By Catharin Shepard Staff writer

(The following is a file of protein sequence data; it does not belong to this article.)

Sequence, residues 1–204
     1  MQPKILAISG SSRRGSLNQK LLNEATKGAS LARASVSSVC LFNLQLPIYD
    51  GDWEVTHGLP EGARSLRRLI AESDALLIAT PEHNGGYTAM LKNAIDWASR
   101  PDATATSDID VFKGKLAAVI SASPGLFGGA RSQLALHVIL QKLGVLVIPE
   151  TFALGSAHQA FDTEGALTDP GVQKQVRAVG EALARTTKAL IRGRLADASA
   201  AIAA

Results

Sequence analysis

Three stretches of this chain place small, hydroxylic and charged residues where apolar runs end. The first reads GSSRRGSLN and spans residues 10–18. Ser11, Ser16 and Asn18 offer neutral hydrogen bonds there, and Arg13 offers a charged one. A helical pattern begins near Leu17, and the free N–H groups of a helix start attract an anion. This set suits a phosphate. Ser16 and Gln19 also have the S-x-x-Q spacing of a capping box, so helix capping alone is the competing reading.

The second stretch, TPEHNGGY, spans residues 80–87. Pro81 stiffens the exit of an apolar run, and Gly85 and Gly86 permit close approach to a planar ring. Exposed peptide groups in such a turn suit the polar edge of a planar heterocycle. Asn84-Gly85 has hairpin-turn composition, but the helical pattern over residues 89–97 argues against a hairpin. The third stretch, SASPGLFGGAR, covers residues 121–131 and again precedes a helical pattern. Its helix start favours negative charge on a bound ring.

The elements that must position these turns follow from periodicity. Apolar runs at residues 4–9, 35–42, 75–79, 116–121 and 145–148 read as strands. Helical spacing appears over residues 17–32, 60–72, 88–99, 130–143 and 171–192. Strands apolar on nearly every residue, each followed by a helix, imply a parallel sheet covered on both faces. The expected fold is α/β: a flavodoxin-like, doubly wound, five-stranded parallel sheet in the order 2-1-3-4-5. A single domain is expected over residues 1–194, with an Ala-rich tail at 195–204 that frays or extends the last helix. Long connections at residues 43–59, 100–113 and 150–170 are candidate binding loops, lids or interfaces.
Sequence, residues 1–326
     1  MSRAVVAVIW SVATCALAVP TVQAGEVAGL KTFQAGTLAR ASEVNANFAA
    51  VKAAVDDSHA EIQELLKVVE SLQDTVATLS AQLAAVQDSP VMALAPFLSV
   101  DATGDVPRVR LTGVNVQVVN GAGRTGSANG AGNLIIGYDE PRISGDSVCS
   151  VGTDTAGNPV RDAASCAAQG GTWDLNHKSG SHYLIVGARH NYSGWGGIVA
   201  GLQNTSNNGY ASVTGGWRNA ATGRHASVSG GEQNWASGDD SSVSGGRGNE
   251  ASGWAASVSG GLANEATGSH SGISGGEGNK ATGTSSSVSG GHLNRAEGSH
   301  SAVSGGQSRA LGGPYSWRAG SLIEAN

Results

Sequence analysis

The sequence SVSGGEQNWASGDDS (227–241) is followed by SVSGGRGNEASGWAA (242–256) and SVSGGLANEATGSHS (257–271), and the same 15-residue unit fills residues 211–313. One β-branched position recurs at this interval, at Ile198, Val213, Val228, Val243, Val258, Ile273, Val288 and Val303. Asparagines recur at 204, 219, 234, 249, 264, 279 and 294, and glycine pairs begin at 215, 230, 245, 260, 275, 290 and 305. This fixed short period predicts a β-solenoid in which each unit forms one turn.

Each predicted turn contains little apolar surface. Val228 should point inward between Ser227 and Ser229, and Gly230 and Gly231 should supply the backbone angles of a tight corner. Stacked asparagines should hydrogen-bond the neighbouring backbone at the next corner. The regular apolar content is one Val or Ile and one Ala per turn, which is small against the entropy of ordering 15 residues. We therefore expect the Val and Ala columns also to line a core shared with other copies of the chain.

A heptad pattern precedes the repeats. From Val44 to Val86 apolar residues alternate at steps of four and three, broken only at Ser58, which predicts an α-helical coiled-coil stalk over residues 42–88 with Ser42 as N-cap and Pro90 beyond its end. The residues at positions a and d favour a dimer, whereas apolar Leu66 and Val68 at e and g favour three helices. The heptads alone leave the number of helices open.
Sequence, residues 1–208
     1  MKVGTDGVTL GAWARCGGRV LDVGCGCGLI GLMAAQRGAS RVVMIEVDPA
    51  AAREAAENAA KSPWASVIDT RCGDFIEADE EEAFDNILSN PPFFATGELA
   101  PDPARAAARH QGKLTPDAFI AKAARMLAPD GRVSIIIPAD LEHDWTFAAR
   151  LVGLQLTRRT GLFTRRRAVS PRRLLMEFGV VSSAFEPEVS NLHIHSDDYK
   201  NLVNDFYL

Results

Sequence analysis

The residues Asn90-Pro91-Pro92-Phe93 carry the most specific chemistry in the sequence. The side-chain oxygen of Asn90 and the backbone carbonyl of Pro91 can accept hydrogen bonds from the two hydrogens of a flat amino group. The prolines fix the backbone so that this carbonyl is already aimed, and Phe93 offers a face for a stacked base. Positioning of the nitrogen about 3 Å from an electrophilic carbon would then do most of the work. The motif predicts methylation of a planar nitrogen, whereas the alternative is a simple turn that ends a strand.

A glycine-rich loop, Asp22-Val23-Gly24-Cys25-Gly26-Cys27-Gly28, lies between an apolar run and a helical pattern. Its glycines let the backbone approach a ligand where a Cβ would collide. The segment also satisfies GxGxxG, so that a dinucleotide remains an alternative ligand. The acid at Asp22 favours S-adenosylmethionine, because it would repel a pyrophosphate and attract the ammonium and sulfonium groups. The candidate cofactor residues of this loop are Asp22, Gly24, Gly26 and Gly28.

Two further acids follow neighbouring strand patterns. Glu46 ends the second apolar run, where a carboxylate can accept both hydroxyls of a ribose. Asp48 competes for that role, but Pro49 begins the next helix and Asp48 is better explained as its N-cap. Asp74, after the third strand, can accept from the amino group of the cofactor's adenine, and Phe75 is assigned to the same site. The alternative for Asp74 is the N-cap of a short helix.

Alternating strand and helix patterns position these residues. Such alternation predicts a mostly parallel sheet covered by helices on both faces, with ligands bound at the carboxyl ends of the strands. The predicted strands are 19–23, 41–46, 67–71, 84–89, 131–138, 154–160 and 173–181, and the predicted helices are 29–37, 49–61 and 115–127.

A proposed $24 million School of Engineering facility for students in grades 9-12 could be in the county’s future to offer teens more education options, and help deal with overcrowding at the aging Hoke High campus. The Hoke County Board of Education met Monday with county commissioners and Sandhills Community College representatives to talk about the project, which is still only in the discussion phase and has not been approved or funded for development. The SandHoke School of Engineering would be a roughly 64,000 square-foot building constructed on the Sandhills Community College campus in Raeford. The high school would be the county’s newest collaboration with the community college, joining SandHoke Early College High School in the joint partnership. Dr. Dawn Ramseur of Hoke County Schools explained how the school would work. Like SandHoke, students would spend the first two or three years completing their high school course work, then move to Sandhills Community College to take additional classes and complete the requirements for the associates’ degree in applied science. (See ENGINEERING SCHOOL, page 2) That would open up other opportunities at four-year colleges and universities, as Sandhills Community College has agreements and “2+2” programs with some four-year schools, Ramseur said Tuesday. “So we are truly looking at providing students extended learning opportunities beyond high school,” she wrote in an email. Superintendent Dr. Freddie Williamson described the proposed engineering school as a way to address a “critical need” at Hoke High as well as bring more opportunities to Hoke students. “We have a critical need, but I think this is the quickest route to bring some relief and to address the engineering need,” Williamson said. Currently there are over 1,900 students attending Hoke High and more than 400 students attending SandHoke Early College High School. The new School of Engineering would also include classroom space for SandHoke Early College High School, allowing it to expand to its state-mandated maximum enrollment of 500 students. At full capacity, SandHoke and the School of Engineering together could see up to 1,000 students attending classes on the Sandhills campus in Raeford. Hoke High’s campus has been over capacity for the last six years, due to population growth in the county that began in 2007 due to the federal Base Realignment and Closure Act (BRAC), according to school officials. A facility needs study from 2015-2016 indicated “an urgent need for additional space at the high school level,” according to school system documents. Projections from the North Carolina Office of State Budget and Management predicts that Hoke’s population will increase by as much as 50 percent to 88 percent by 2038. That makes the addition of a new high school facility a critical short-term and long-term need, officials said. However, the school system – which relies on the county to provide funding for new school construction – doesn’t have the type of money it would cost to build a new high school and also provide its students with the same amenities that are offered at Hoke High, Williamson previously told the News-Journal. In 2015 the school board discussed a proposed third campus for Hoke High with a roughly $64 million price tag. That was also too expensive: there just wasn’t funding for it, school board Chairwoman Irish Pickett said Monday. Commissioners said at the time that the county didn’t have the revenue to support such a project. Monday’s meeting marked the first time since then that the Board of Education has officially approached the Hoke County Board of Commissioners about new school construction. The county’s most recent new school construction project was the LEED Platinum-certified “green” Sandy Grove Middle School, which opened in 2013. Constructing the middle school involved a public-private partnership with SFL+a and FirstFloor architect and development firms, which allowed the county to take advantage of millions of dollars in tax credits that were available at the time. The school system initially “rented” the building from FirstFloor, and in 2019 deeded ownership over to the county as scheduled.